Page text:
'Pokemon is always with everyone,' says its creator
By Spiros Tzelepis, Greece
The Pokemons are toys which have entered our lives to such an extent that it is difficult to say that we don't know about them. As a profile of their creator, Mr. Satoshi Tajiri, in Asia's Shapers 2001(http://www.zdnetindia.com/news/specials/25movers2001/stories/18291.html) mentions very successfully: "Love them or hate them, chances are you've seen them. They've invaded your television, disrupted the lives of parents as kids yell and scream for the latest Pikachu doll."
The Pokemons are a fad, and last year they created a huge paranoia all around the world. My aunt who teaches in a primary school says that last year her students were so obsessed with their Pokemons that they didn't speak about anything else. Their talks continued inside the classrooms making it difficult for her to teach. Then, I also attended the 3rd World Summit on Media for Children where I discovered that teachers spoke angrily against the Pokemons arguing that they promote violence and that their students don't care about anything else. Moreover, I can tell I had the experience of verifying myself that some children were obsessed to an unhealthy extent when a couple with two young kids moved in a new apartment block next to my house. Every day I could hear them chatting vehemently about the latest Pokemons -actually the word "Pikachu" is the one they used to repeat all the day- while they were frequently dropping these toys in my garden, and I or my parents were kindly asked to pick them up. Later a friend from France wrote me that his little brother was crazy about Pokemons, which indicates that children worldwide share the same hysteria. Of course, like every fad, the Pokemon madness slowed down eventually so I thought that it was a good time to have their creator, Mr Tajiri, speak about them. At this point, I want to mention that this was one of the most difficult interviews I have attempted since at first I was misguided by people who didn't have the kindness to tell me about how to reach Mr. Tajiri. On the contrary, they told me, "If you are adequate, find a way yourself". Luckily, not everyone is like that, and thanks to those who have always supported my effort, I was able to contact Mr. Tajiri who I need to mention was most helpful. Let's listen to what he has to say.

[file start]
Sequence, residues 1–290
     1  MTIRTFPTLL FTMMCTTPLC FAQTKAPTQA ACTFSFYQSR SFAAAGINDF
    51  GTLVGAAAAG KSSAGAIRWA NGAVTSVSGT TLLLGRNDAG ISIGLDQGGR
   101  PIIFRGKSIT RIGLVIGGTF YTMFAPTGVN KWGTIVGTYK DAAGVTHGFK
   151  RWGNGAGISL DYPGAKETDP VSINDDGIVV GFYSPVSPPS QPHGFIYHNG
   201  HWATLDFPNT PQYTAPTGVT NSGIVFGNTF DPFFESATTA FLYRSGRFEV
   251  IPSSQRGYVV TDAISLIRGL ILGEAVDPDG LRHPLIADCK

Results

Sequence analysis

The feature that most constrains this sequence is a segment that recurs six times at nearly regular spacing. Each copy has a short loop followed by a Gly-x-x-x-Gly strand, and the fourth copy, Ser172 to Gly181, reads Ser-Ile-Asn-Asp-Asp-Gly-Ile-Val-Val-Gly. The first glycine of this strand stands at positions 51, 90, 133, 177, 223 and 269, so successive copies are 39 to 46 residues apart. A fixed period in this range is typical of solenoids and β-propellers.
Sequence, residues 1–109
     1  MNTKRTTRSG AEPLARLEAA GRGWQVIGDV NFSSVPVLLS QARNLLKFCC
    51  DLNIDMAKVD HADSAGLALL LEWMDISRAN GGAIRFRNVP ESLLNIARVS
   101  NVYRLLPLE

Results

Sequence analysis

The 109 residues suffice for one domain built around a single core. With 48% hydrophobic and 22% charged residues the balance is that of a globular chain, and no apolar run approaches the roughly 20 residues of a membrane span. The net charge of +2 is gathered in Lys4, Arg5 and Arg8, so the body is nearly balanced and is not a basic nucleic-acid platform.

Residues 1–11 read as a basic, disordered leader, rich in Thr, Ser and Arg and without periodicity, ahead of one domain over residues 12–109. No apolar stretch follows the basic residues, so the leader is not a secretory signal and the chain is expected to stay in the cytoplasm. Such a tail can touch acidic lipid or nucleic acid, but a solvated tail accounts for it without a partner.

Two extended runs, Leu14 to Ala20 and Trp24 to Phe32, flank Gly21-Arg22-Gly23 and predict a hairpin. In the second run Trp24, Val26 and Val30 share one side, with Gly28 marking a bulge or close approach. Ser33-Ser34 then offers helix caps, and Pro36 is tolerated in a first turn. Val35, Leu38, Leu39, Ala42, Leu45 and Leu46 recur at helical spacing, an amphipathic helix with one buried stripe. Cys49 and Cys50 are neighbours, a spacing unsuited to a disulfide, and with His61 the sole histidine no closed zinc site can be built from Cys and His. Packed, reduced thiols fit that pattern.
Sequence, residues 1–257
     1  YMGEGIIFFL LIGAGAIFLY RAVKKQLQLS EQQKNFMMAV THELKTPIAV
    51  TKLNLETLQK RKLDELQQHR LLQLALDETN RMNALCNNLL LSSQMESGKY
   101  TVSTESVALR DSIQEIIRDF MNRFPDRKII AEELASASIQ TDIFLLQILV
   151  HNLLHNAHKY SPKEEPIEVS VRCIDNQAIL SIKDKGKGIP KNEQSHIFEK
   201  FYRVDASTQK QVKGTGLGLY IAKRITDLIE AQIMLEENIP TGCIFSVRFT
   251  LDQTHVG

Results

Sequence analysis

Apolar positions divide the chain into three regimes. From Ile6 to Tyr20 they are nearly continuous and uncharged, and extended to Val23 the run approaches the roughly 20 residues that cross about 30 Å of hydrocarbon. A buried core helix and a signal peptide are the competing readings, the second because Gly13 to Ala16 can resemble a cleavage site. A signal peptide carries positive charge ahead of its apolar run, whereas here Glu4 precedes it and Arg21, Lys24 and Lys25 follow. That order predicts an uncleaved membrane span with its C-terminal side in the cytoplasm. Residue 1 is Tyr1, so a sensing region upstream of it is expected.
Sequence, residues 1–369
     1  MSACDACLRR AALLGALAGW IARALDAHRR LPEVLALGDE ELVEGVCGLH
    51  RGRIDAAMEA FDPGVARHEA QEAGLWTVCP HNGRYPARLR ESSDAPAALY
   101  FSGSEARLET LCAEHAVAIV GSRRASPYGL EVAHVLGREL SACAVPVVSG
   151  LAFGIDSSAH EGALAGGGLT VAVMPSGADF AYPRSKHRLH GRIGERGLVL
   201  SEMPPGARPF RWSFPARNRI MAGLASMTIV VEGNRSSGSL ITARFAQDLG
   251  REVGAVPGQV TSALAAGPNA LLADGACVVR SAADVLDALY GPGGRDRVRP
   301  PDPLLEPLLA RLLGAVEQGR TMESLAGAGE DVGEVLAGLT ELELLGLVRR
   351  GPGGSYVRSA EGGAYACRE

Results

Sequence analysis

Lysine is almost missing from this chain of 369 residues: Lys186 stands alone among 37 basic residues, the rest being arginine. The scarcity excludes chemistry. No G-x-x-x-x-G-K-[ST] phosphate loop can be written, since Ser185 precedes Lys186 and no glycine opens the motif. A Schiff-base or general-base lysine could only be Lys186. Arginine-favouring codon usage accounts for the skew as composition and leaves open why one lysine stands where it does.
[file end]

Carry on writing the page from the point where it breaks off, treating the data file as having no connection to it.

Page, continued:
Would you please introduce yourself a little to the readers?
How was Pokemon created? When did such an idea occur?
It was around April 1984 when I started to think about "Pokemon". At that time, the main topic in the game industry was Nintendo "GAME BOY". "GAME BOY" had an accessory called a communication cable with which we could change the game's data by connecting 2 GAME BOYS. If I could create the game, I rather wanted to use it as a communication tool than to use it as a fighting game tool (trendy at that time). I thought that I could create the game with which something valuable for the players would come and go. For example, a game whose aim would be to exchange something. Then, I created "Pokemon" to make good use of this idea ("exchange").
What is the background of "Pokemon"?
It is to capture Pokemon, to raise Pokemon, and then to exchange Pokemon. How pleasant if the players get the new Pokemon by doing it! It is sure that both of them will have a good relationship. If they exchanged that Pokemon to another player, the communication circle would be wider and wider through Pokemon. I think it's enjoyable if they play like this. It happens that my Pokemon is in the stranger's cartridge. Don't you think it's exciting?
What does Pokemon bring to the children?
Decisively, it's a different world which would support the children's hearts. I think every person feels the different things in this game, but Pokemon is always with everyone. It's true.
As a creator of toys, what do you think would be the ideal toy or entertainment is?
To satisfy the curiosity and to be attached is my keyword. The toy which we don't lose our interest for looks simple. I will continue to create games with such a theme ever after.
In conclusion, what would you like to say to the children of the world?
I want to thank you all that you have been enjoying yourselves with Pokemon in many countries and in many languages. I am very glad if you would make friends with each other when you grow up through Pokemon. I hope that Pokemon would be your good friend forever.
It is almost 23:00 in the night and as I am reviewing the piece for a final time before I send it to be published, the window is open because of the heat and the children playing in a yard opposite my house are screaming "Pikachu". This is the only clear word I can make out of what they say. Perhaps this shows that the Pokemon fad hasn't yet disappeared despite the slowdown. Of course, nothing is permanent and some day the Pokemons will give their place to another toy; but whatever may happen, one thing is sure: the Pokemons will have marked the childhood of a whole generation of children.
Satoshi Tajiri, Representative Director, GAMEFREAK
History of works
The word "thank you" is very meaningless to express my gratitude towards Ichiya Nakamura. This piece wouldn't have been feasible without his help in reaching Mr. Tajiri and offering to translate from English to Japanese and vice versa.
Reconstruction: July-August-September 2002
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